Cast: Mads Mikkelsen
Director: Joe Penna
Well, now I have to add plane crashes in the Arctic as situations that I know I wouldn’t be able to survive. Seriously, Arctic is absolutely brutal to watch and I don’t know how Penna made a movie like this in his directorial debut. For a movie that’s exclusively a man vs. nature survival drama, this may be one of the most intense of the year. Arctic is the type of movie that even though the plot is simplistic and easy to follow, it presents the harsh reality of a life and death situation and holds nothing back in the process.
The film follows Overgard (Mikkelsen) after his plane crashes in the Arctic and he fights for survival and a chance to be rescued. All of life’s elements burden him along the way, whether this is starvation, the freezing cold, or the physical dangers of the unknown. As you can probably figure out, this is a very straightforward movie to figure. It’s simplistic enough to the point where details that would make other movies successful are absent from Arctic and it actually works out in this case. There’s no lead up to the plane crashing; the plane is just there. There’s no backstory for Overgard; he’s just a man trying to get out of this peril. Normally we see movies like Arctic give some sort of insight into Overgard’s character, probably through a flashback or a picture that he uses to motivate him, but that isn’t the case here. Arctic is 97 minutes of Overgard taking on the world around him and it doesn’t need any additional aspects to make it special. Outside of the straightforwardness of Arctic, I have to applaud Mikkelsen for taking on such a physically demanding role. It couldn’t have been that hard to memorize the lines since he had maybe 15 lines of dialogue throughout the movie, but this couldn’t have been fun to act in. Being out in the blistering cold and snow for 19 days showcasing the struggles of a person fighting for survival must have been an incredibly taxing experience but the end result was worth it for the viewers. Mikkelsen has created quite a career for himself over the years, but those who watch his performance in Arctic will recognize that it is one of the best performances of his career. Finally, the realism presented with each scene is one of the things that truly separates Arctic from its competitors. While the elements shown are pretty standard in context, Arctic immerses the audience to make them believe that they’re right there with Overgard. One scene in particular was quite possibly the scariest scene of the year and even though I knew it was coming, the impact is still incredibly relevant. Arctic is a unique film that should’ve gotten a larger release from Bleecker Street, but for those who did watch it, they’ll have to agree that very few man vs. nature movies can match what was done here.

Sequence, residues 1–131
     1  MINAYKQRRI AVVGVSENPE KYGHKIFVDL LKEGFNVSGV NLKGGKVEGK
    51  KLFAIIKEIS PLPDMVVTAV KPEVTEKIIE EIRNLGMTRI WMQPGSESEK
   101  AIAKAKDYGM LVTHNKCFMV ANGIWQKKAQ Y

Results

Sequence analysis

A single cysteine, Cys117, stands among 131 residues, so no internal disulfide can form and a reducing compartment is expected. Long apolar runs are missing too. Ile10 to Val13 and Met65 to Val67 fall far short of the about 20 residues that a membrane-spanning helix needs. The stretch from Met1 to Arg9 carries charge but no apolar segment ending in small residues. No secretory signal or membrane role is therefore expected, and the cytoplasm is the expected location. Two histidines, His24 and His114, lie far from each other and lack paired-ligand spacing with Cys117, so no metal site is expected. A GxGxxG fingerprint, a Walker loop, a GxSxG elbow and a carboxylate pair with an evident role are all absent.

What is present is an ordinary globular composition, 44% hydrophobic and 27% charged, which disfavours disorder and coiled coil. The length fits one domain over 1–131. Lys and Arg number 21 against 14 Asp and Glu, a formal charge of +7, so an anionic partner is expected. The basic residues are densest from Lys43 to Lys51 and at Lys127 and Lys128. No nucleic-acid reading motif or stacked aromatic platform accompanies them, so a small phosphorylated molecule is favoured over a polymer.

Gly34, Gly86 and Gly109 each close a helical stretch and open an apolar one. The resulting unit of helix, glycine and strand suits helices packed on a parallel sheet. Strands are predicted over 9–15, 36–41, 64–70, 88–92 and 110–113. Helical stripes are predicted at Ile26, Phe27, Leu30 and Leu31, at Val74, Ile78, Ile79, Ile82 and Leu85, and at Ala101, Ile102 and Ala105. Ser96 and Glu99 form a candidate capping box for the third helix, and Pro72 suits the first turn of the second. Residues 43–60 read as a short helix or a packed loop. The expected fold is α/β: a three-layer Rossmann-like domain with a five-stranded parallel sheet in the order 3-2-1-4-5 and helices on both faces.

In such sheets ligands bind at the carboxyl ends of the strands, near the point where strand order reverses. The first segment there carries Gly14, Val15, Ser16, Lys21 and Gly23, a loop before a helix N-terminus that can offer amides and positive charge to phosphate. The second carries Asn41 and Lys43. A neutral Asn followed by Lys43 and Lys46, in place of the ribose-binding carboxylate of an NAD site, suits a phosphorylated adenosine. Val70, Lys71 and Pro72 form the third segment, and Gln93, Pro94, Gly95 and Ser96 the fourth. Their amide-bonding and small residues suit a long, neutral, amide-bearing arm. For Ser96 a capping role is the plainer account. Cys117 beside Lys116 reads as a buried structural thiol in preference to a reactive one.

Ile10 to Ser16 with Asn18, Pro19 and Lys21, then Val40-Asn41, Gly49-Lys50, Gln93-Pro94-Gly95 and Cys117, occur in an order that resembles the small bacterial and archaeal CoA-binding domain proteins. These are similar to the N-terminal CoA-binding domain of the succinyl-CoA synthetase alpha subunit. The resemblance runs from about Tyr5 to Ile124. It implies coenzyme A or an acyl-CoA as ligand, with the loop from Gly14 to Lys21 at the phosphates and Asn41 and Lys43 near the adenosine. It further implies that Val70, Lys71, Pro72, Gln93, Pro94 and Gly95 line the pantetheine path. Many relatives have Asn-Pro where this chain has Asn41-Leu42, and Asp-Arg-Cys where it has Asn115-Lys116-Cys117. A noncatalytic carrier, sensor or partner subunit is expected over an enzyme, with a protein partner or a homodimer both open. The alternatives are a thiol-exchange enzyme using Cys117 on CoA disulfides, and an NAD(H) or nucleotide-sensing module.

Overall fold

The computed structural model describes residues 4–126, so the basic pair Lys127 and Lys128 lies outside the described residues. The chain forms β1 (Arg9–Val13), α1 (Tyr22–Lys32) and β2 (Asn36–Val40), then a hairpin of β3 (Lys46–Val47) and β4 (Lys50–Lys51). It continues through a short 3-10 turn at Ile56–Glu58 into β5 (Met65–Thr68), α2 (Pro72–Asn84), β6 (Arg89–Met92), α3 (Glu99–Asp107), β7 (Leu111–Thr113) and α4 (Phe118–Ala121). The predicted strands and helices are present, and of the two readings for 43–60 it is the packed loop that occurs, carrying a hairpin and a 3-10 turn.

Overall, sometimes simplicity is the key when it comes to a film’s premise, and Arctic takes a very simple idea and turns it into one of the most intense viewing experiences of 2019. This is almost exactly how I would imagine a plane crash in the Arctic looking like and it’s amazing to think that this project came at the hands of a first-time director. I’ve officially become a fan of Penna and based on what he’s working on right now, it looks like he doesn’t have any plans of slowing down and I’m genuinely excited for what he releases in the future.
Overall Score: 7.5/10